Welcome to Flash Fiction Friday and the one hundred and forty-sixth piece in this series. This week’s is a 436-worder by Christopher Farley.
Colours frozen in time
The tattoo was the first thing I noticed; it was beautiful. She sat opposite her friend drinking Belgian beer from a huge glass and I saw it as I walked past, making my way to the men’s room.
Her thin, white arms poked out from her even whiter t-shirt, then a waterfall of colour burst from the sleeves of the t-shirt. Three lotus flowers, red, green and pink, one on top of the other. But oh, the arm. How could something so pale and delicate suffer so much pain? I returned to the bar and pretended to look at the game on the big screen. Her friend rose from the table and headed for the toilet.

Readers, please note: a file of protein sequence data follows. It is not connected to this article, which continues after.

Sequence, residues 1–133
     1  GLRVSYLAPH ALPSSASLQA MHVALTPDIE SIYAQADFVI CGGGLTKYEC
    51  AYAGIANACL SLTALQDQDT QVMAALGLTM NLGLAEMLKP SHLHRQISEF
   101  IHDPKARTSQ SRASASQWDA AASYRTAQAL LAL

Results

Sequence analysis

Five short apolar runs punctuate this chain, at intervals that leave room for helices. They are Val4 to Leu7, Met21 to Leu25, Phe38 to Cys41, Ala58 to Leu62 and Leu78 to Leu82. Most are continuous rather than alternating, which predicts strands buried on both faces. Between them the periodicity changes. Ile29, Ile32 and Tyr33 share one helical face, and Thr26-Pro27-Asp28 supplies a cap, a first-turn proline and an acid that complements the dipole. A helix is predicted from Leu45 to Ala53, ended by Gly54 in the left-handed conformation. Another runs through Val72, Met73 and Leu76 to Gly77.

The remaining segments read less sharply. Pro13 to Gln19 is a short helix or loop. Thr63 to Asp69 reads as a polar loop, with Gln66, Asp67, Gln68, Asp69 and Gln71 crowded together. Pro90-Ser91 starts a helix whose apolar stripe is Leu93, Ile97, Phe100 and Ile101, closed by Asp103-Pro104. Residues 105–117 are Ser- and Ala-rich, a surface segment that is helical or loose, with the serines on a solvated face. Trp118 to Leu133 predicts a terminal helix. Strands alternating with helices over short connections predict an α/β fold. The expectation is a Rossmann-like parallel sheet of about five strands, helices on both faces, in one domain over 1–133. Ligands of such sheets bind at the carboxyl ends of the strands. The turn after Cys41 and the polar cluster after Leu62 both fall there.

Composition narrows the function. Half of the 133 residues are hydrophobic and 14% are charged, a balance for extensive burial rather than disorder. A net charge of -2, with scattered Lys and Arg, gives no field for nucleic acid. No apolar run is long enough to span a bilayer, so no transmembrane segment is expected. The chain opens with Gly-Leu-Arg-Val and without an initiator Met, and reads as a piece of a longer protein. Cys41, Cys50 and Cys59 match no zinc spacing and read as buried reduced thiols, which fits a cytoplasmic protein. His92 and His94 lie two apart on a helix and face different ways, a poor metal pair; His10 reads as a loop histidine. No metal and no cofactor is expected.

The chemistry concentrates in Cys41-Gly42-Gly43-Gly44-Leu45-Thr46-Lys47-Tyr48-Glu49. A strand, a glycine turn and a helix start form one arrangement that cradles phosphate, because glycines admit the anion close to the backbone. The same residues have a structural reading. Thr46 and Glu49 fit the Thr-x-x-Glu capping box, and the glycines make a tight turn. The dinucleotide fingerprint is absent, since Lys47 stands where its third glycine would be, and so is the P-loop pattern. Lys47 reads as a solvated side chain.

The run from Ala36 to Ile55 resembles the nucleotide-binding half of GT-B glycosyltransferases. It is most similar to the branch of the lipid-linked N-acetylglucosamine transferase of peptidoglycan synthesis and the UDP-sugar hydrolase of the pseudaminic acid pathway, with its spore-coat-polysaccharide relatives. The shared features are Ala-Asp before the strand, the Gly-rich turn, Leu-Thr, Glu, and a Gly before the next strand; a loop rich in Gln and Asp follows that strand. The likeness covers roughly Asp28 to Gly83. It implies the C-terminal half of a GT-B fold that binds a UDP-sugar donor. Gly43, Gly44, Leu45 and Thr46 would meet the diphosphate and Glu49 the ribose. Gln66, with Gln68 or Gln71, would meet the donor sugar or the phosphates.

“Sorry, I couldn’t help noticing your tattoo.” My God, how cliché is that, I thought. “It really is a piece of art; my compliments.”
She smiled; she’d probably heard it a hundred times before. Maybe it distracted people from looking at her; her hair, long and parted in the middle, surrounding her plain face with no make-up and devoid of colour except her azure-ice eyes. The air fell silent between us. The ladies’ toilet door swung open.
“Good choice of beer,” I nodded at her now-empty glass. “Like another?”
Her eyes flickered to her friend, who was hanging back, pretending to like football or the retro Guinness signs beside the TV set.
“My friend’s about to leave so I’ll see her out. I don’t have to leave so… yes, please.”